I honestly cannot remember where I first saw St. Marys mentioned, but there’s a good chance it was on Pinterest. And it is well worth a trip with a historic downtown that I love with tonnes of historic buildings that stand a lot of railway history. While off my usual beaten track, it was well worth the detail out for a lovely stroll. Sadly I couldn’t stay for too long and missed many interesting sites in the town; I certainly hope to make it back out here for a future “On The Road” video for my YouTube channel.
The area where St Marys is today was first settled by the Anishnabek, who would flee or be killed as the Haudenosaunee pushed further north in the years following the Beaver Wars. When the Haudenosaunee left, the area was settled by the Ojibway and Chippewa peoples. The confluence of the North Thames River and Trout Creek was sold first to the Crown in 1827 under Treaty 29 and from there granted to the Canada Company to further European colonization. The Company would survey the area in 1839, laid out as the Blanshard Township in what became known as the Huron Tract. The earliest settler was Thomas Ingersoll, brother of Laura Secord (Yes, that Laura Secord) to build mills at an area known as Little Falls. Named for a series of limestone ridges that formed a small waterfall on the Thames River. The confluence of the two rivers made the location an ideal spot for a townsite in addition to water power, limestone, and other natural resources attached the earliest settlers and a townsite was laid out in 1844 and took the name St. Marys after the wife of a director of the Canada Company. Within two years, the town had a population of 120, with most of the economy driven by a limestone quarry that provided excellent building materials for the town-building, along with the quarry a grist mill, sawmill, stores, ashery, tavern, cooper, and other businesses. The small settlement got a huge boost when Grand Trunk pushed through in the 1850s, even building a major station and yard east in St. Marys Junction in 1858 that would become even more important when Grand Trunk pushed west as Grand Trunk Pacific. This boost allowed the village to become a major centre, and the limestone quarry helped provided the building material needed for a grand town centre. Incorporation as a village took place in 1854, and it stood as major milling, grain, and agriculture trade centre. The first library opened in 1857 but was run by the local Mechanic’s Institute and had no physical space. By 1863 St Marys was incorporated as a town but stood separate from Perth County. The mills and railroad continued to support the small town, but the 20th century brought more unique businesses. In 1908 the St. Marys Wood Speciality Co opened under Solen Doolittle; in addition to hammer handles, they also produced hockey sticks and baseball bats. While the company moved to Hespeler in 1933, that bat is known since 1988 as Cooper Bat stands as the number two bat in the world. This gave St. Marys the edge to become home to the Canadian Baseball Hall of Fame in 1982. While the mills in St Marys are long closed, and the railway is reduced to a single line, the community retains many historic buildings. The nickname of The Stonetown is well earned, with many late 19th and early 20th Century standing.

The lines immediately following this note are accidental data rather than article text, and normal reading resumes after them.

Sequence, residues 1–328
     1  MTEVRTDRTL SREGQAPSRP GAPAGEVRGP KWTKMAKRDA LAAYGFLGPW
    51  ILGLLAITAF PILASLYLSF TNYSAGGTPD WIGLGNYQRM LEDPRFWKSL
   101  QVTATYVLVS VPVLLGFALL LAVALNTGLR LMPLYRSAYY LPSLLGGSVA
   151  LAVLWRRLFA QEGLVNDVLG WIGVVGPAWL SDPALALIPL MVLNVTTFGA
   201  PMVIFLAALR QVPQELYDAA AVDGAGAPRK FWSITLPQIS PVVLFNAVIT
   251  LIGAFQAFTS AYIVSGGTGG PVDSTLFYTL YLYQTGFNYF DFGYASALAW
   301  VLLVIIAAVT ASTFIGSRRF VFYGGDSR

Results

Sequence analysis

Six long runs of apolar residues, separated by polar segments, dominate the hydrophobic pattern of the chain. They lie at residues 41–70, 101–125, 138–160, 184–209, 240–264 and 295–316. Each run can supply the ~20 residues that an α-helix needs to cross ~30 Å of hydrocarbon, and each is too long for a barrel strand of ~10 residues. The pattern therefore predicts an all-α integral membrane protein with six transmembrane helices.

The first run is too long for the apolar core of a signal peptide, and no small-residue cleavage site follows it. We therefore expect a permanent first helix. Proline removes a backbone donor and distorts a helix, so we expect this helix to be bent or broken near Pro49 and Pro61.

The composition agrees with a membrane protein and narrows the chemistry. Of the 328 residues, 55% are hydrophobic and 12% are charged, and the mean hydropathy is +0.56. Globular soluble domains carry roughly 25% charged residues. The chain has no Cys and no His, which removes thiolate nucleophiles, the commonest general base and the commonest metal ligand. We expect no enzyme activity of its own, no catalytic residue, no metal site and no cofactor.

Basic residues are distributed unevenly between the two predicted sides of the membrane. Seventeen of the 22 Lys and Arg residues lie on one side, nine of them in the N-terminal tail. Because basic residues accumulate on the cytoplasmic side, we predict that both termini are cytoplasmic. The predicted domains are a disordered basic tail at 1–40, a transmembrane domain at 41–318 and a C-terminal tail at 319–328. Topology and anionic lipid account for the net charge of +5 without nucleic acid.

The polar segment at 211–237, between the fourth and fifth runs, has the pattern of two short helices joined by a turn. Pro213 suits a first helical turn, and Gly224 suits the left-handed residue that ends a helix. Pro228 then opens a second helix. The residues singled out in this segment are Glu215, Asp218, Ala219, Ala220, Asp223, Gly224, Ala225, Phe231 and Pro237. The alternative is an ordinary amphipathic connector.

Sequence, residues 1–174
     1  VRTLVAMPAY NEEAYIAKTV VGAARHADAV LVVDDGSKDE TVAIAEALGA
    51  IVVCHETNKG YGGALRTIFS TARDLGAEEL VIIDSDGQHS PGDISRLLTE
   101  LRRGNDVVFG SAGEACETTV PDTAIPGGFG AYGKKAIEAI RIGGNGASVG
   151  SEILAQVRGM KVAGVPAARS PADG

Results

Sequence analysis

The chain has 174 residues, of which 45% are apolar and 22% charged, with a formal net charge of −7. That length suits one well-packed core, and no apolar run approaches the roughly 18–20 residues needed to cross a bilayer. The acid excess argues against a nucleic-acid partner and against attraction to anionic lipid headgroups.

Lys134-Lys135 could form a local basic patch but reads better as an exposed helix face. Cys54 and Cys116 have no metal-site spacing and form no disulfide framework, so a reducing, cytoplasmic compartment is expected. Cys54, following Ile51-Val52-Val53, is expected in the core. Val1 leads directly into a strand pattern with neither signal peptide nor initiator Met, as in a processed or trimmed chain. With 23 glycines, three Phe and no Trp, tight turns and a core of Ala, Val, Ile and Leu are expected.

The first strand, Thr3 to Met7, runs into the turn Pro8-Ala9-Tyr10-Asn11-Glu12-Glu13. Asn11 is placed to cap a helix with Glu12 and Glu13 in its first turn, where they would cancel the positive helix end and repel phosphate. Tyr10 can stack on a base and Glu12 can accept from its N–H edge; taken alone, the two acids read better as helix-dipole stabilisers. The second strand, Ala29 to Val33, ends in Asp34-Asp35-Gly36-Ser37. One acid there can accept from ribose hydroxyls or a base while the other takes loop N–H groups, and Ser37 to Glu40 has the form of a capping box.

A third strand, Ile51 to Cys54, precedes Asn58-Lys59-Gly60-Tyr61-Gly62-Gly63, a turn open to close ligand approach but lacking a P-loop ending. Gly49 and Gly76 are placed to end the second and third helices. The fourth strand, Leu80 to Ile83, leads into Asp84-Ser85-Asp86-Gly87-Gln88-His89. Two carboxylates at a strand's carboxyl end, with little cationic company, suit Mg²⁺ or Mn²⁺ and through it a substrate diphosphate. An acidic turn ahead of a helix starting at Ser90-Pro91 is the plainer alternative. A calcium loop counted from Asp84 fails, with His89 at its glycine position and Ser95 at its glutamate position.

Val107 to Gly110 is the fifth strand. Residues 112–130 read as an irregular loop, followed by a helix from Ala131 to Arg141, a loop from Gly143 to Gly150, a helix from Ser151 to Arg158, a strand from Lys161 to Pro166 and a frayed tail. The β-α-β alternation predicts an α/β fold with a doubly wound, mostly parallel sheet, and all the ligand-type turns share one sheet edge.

St Marys is one of those towns that I feel a single visit isn’t enough to see everything. Still, I was running on a bit of a deadline so that I couldn’t see everything, but even then, having only seven slots to choose from for this week’s images makes it hard to choose only seven images. I even thought about cheating and adding in a couple more shots. Given that the title of the week is “Stone Town” helped me pick images that contain some stone buildings, and ones that are cool and have historical significance and those that I could find some history on. That left me with the featured image to view the heritage district from atop the embankment over the train tracks. The town hall was an easy pick as it was the second building that certainly caught my eye (the first was the 1906 public library, but I wasn’t happy with the exposure on that frame), then a set of three businesses that show the progression from historic to late century to 20th-century buildings that occupy the main street. The two railroad-related images are favourites of mine, both for my work on rail history in Ontario and because the 1907 station looks awesome and the 1858 bridge remains in use. The final two are both amazing 1880 era structures that are eye-catching, the Andrews Jewellery building, which remains fairly intact inside and the Opera House with its castle-like Scottish Gothic Revival design.
I didn’t want to spend too much time fiddling with lenses and wanted to get out for shooting. I went with a single lens. Having done some scouting on Google Maps, I decided to go with the Nikkor 28mm f/3.5 lens and put a yellow filter to help cut down on the bright blue summer light. I probably could have gotten away with my 35mm f/2.8 lens as well, but the 28mm was the better choice. The one thing I did do is give Fomapan 100 some over-exposure by almost two stops. Yes, I shot the film at ASA-32, then pulled by a stop and a half(ish) in development. If you know me, one of my favourite old film stocks is Kodak Panatomic-X which has a box speed of ASA-32. So I decided to see if I could get some interesting results from Fomapan 100. The developer I went with, Ilford Ilfotec HC, at my standard 1+63 dilution. I probably could have calculated for a full two-stop pull as the negatives were a little dense, but I managed to get some good results with a bit of work in Photoshop from the scans.
Well, it finally happened, took over half the year to make it out, but we’re heading into downtown Toronto.